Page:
AKA: Where DON’T We Go Wrong?
Watching the back and forth reactions to both the bombing of the NAACP headquarters in Colorado Springs and the shootings at the Charlie Hebdo magazine in Paris on social media is enough to give me whiplash.
Navigating the intertwining issues of race and religion isn’t something at which us humans are very good. Add in jargon like “terrorism” and “rights” and suddenly we have added complex emotions to some already emotional issues. Entire books have been and will be written on these issues*. And ultimately, we all need to take more time to have long discussions and studying of these concepts and how we use them. There is power in words.
Yes, you have the right to free speech, and the right to draw images of a Muslim prophet Mohammad that many people believe ought not be depicted. But yes, it does make you an asshole if you choose to exercise this right.
No, (Muslim dudes in Paris) you do not have the right to kill people for being assholes. No, (Obama and U.S. military) you do not have the right to use drone strikes to kill people for being in proximity to where you think assholes might be located. None of this is acceptable behavior.
It is difficult at this point to distinguish the chicken from the egg in the world of international terrorism. The place to start, it would seem, is in accepting accountability for one’s own nation’s actions, and working to end disrespectful and terrorist activity one’s for which one’s country is responsible. The finger pointing is a fun game for sure, but unless you support endless war and civilian casualties and mondo finger cramps, we have to calm down*** and stop.
Simply because we have the right does NOT mean that doing or saying the thing is as good idea. And it also doesn’t mean that there won’t be consequences. The consequences for saying something racist or disrespectful obviously shouldn’t be getting your offices shot up. When someone says something that isn’t respectful, they should understand that any negative responses are not about curtailing their ‘right’ to say something mean, but rather are the fair market reactions. (more…)
This was an article I wrote on Dec. 24, 2014, and submitted to a local paper. Not hearing back from them since the holidays, I figured I might as well get it out here. This is a response to an article written by Mark Holmberg which you can look up if you want to read it, I don’t want to give it the clicks.
Mark Holmberg is a staple of the Richmond journalism scene. I remember being a kid and reading his columns in the Richmond Times Dispatch. As an adult I have been interviewed by Mark for his new gig at WTVR CBS 6, and seen him at numerous protests and events around town. He’s been in my home on several occasions. Mark is a human, you know, like the rest of us, and a perfectly nice guy in person. Sometimes, Mark’s perspective which he infuses his reports with is sympathetic or similar to my position on an issue. But there are other times where Mark’s reporting makes a strong case for the old concept that if you don’t have nuthin nice to say don’t say nuthin at all.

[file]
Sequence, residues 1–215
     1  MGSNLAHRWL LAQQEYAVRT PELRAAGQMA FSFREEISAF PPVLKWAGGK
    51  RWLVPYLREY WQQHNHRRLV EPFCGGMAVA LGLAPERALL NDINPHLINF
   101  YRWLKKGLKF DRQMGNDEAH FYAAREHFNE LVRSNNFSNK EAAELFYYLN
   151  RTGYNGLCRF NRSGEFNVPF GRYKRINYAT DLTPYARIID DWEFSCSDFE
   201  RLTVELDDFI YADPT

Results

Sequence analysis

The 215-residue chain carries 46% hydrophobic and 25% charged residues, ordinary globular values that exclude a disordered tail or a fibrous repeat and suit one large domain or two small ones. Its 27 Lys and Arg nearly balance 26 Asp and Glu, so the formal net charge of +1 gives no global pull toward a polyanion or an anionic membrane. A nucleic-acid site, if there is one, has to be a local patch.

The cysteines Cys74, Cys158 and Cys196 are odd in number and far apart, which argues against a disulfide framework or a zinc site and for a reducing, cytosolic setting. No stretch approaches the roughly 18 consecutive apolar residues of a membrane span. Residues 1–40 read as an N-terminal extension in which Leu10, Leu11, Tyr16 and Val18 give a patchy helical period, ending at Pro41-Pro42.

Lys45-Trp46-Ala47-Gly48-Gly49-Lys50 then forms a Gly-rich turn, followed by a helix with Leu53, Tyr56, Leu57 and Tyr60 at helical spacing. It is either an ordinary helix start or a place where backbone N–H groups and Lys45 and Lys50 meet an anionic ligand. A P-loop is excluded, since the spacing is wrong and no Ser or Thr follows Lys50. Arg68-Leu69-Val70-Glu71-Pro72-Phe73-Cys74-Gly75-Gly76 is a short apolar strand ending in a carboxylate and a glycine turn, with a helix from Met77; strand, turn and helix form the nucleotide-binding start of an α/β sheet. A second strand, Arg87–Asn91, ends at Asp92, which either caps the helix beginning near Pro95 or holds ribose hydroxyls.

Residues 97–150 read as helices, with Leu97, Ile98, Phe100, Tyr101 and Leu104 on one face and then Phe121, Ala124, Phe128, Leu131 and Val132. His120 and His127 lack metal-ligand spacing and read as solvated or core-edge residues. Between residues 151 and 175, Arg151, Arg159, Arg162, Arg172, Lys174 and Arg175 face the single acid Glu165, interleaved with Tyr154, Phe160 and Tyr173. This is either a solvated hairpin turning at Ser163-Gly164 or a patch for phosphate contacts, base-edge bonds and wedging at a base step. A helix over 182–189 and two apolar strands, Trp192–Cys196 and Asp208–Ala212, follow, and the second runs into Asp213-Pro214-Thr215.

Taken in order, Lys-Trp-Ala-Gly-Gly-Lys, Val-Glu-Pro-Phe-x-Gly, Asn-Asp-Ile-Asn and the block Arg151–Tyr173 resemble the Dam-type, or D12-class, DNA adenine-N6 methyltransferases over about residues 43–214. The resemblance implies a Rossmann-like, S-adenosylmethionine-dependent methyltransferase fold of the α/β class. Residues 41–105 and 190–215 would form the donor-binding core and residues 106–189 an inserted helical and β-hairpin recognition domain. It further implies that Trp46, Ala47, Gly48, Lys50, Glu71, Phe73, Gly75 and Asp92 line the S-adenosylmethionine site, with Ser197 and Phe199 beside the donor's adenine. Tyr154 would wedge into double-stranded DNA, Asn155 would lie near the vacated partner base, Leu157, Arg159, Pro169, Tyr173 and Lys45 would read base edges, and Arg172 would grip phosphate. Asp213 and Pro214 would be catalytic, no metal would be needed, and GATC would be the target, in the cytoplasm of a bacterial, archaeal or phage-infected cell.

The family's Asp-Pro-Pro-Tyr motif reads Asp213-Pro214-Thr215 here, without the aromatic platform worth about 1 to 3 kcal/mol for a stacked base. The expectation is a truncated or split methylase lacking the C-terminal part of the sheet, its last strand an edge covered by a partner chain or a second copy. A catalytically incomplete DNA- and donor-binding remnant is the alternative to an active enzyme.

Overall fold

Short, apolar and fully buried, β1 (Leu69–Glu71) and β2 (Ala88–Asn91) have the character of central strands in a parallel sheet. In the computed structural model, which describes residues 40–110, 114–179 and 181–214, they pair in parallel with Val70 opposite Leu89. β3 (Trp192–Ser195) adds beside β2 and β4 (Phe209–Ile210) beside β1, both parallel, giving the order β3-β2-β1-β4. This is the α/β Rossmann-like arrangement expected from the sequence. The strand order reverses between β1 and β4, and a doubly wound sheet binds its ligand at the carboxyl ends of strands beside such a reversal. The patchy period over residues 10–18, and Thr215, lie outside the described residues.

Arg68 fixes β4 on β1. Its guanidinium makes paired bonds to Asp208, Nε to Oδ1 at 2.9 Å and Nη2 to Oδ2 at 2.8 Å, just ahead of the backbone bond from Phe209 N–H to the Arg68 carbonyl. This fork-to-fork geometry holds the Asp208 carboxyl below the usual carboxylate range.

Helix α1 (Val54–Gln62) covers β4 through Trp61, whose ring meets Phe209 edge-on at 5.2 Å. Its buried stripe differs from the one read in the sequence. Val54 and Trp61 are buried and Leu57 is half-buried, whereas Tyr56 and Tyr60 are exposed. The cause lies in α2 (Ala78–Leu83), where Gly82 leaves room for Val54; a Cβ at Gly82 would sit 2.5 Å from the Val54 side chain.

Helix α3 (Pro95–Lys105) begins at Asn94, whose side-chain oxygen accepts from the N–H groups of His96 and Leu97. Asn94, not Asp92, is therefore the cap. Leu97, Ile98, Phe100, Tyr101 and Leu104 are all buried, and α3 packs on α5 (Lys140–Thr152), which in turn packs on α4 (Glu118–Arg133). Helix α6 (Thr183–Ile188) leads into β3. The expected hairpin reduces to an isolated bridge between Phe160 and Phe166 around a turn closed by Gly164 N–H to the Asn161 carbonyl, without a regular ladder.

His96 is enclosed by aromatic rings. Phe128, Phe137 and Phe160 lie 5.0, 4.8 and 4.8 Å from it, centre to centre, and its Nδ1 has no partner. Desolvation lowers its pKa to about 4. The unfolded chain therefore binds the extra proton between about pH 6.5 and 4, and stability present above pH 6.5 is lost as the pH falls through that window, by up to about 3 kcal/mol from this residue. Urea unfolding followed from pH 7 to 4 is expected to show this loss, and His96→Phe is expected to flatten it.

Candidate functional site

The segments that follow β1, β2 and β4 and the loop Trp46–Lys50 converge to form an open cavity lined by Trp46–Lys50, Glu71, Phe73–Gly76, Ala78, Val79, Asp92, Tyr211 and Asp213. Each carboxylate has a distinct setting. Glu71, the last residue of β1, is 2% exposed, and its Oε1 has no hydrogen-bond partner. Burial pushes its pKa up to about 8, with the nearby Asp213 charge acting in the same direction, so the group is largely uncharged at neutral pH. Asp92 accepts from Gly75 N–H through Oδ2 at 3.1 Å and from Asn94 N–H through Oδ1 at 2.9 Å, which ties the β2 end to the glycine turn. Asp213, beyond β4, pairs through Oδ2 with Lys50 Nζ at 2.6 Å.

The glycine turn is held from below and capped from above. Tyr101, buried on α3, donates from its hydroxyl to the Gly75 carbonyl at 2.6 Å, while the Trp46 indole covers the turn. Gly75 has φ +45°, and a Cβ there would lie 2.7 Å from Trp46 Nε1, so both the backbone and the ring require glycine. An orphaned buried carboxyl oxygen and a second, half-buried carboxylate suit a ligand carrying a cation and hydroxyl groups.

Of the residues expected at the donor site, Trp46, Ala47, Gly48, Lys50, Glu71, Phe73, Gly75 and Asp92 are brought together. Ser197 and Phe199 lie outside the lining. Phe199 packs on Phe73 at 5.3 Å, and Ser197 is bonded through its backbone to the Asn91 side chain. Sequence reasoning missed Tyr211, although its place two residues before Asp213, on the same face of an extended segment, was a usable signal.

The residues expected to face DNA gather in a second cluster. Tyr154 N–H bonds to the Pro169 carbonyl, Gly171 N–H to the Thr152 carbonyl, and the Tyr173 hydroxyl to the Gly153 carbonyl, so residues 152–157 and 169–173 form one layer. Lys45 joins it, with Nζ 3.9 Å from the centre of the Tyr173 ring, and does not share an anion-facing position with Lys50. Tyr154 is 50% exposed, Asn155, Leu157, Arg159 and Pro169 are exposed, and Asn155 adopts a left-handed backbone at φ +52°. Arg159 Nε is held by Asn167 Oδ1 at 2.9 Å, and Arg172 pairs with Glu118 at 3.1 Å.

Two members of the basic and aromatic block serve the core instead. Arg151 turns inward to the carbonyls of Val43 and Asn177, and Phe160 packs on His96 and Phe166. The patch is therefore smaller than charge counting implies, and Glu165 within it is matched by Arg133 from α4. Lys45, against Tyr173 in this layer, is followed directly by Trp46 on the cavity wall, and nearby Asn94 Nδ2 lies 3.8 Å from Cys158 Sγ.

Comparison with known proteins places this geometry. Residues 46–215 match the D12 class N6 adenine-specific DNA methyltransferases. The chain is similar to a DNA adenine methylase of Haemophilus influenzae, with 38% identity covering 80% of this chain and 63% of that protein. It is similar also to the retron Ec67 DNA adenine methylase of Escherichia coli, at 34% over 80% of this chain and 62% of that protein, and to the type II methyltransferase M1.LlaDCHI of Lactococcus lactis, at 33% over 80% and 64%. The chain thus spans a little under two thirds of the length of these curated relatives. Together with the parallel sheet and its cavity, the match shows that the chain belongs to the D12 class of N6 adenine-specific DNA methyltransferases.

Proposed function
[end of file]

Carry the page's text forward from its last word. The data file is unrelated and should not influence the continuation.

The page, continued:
Unfortunately, the views Mark has chosen to broadcast regarding the Eric Garner and Mike Brown protests fall into this category. His December 21st article, starts off badly and doesn’t get any better. He seems to draw ties from the world wide protests against police brutality, murder of people of color, institutional racism and impunity from accountability for the police to the mentally ill man who killed his partner, a woman of color, and then two NYPD officers. There is no connection between #blacklivesmatter protests and Ismaaiyl Brinsley, the man who shot the two cops, and there is no reason to try to delegitimize organizing and protest efforts by people of color and their allies around these issues based on faulty logic.
Mark draws rapid, trite conclusions, about both the Eric Garner and Mike Brown decisions. I have been patient with white people who do not understand or sympathize with the Mike Brown murder and Ferguson situation. I know it is hard for folks to see past their white privilege, especially without video evidence (sigh). But white people need to learn to listen to people of color and believe what is being said. White privilege protects white folks from certain experiences and blinds us to certain realities. (more…)